I left the discussion doubtful that policymakers should view the growth in the number of green jobs as a solution to job losses in other, less green, parts of the energy sector.

Green Jobs Not Much Help to Displaced Coal Miners

At the same time as solar and wind employment is skyrocketing, coal industry jobs are plummeting. Energy Information Administration data shows a 25% drop in coal mining employment from 2008 to 2015. In 2015, 94 coal-fired power plants with a capacity of nearly 14,000 Megawatts closed. Read more about the decline of coal here.

Coal Miners Memorial – Richlands” by Big Ed’s Photos is licensed under CC BY-NC-ND 2.0.

Reed Walker has done research showing just how painful job losses can be to workers. His research looked at how the 1990 Clean Air Act Amendments affected workers in newly regulated firms and industries. The basic idea is to compare workers’ earnings trajectories in newly regulated sectors compared to similar workers in other sectors, before and after the regulations went into place. While many workers were unaffected by the regulatory change, the present-discounted earnings losses for displaced workers after the policy change exceeded their pre-regulation annual earnings. When workers lose their jobs and have to find employment in another industry, their incomes drop significantly, on average.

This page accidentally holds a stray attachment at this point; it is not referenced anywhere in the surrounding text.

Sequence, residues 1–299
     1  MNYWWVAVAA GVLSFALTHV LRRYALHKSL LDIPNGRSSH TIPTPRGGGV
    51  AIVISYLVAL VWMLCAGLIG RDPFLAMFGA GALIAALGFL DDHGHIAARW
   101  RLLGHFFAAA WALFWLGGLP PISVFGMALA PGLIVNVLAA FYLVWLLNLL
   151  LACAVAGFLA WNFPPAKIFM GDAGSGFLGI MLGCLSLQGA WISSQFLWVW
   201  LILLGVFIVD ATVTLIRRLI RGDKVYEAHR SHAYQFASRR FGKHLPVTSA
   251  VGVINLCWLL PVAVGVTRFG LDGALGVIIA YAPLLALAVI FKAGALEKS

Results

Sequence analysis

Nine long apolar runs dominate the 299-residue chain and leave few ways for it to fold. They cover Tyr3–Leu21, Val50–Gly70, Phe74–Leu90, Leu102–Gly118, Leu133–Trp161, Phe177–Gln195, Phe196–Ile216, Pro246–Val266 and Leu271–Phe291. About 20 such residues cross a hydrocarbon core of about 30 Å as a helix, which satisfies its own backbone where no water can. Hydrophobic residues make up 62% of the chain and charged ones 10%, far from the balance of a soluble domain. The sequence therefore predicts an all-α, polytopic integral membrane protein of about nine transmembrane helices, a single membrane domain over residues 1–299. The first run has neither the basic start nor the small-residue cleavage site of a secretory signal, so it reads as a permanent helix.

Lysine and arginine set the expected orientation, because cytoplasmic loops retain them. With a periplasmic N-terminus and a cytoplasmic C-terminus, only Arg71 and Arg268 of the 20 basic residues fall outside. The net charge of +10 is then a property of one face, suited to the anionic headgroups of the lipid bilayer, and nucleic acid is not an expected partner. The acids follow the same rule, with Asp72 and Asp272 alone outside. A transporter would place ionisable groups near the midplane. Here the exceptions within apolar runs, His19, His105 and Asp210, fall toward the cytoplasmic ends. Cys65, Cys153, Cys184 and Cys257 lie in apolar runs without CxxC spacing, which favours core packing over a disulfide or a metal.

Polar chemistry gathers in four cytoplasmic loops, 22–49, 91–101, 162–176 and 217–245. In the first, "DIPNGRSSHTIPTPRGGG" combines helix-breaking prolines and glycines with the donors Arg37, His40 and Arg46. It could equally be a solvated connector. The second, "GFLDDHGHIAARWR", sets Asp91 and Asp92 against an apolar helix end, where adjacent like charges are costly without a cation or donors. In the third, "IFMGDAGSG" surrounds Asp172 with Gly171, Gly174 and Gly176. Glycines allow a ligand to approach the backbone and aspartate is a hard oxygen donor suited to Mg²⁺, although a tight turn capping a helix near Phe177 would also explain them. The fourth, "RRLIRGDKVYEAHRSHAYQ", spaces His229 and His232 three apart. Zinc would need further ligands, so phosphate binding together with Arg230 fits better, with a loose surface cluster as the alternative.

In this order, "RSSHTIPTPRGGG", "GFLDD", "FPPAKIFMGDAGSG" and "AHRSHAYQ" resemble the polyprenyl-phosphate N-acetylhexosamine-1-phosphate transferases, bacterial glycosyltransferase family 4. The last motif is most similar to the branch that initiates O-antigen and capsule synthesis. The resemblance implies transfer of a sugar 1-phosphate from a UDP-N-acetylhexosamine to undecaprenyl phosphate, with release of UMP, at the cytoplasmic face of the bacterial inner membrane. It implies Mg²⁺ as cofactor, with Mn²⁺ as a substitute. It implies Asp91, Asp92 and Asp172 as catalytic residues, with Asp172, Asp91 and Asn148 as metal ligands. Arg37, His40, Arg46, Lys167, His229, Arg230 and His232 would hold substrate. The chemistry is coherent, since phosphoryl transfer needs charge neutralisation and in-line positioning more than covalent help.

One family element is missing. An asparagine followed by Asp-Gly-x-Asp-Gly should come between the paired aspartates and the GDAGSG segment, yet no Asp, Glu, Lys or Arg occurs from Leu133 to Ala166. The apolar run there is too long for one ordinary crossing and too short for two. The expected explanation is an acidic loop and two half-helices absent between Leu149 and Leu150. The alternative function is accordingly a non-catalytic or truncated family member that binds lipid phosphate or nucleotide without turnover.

A recent US Department of Energy report explains why moving from coal mining to renewable energy would be an especially painful transition for workers:

First, the coal job losses and renewable job gains are happening in different places. This means relocation costs pose a significant barrier to workers switching from coal to renewables. Second, renewable energy jobs pay less. The median wage for solar installers is 20% below that of coal miners. Third, the skills needed in an extractive industry like coal mining are very different from those needed in a construction industry like solar or wind.